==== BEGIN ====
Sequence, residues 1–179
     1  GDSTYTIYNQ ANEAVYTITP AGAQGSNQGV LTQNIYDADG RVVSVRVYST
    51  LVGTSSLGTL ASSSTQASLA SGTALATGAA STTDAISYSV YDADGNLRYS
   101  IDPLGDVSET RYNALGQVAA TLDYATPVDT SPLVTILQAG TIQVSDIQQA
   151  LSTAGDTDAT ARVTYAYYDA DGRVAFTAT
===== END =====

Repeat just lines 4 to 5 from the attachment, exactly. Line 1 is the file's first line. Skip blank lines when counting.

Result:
   101  IDPLGDVSET RYNALGQVAA TLDYATPVDT SPLVTILQAG TIQVSDIQQA
   151  LSTAGDTDAT ARVTYAYYDA DGRVAFTAT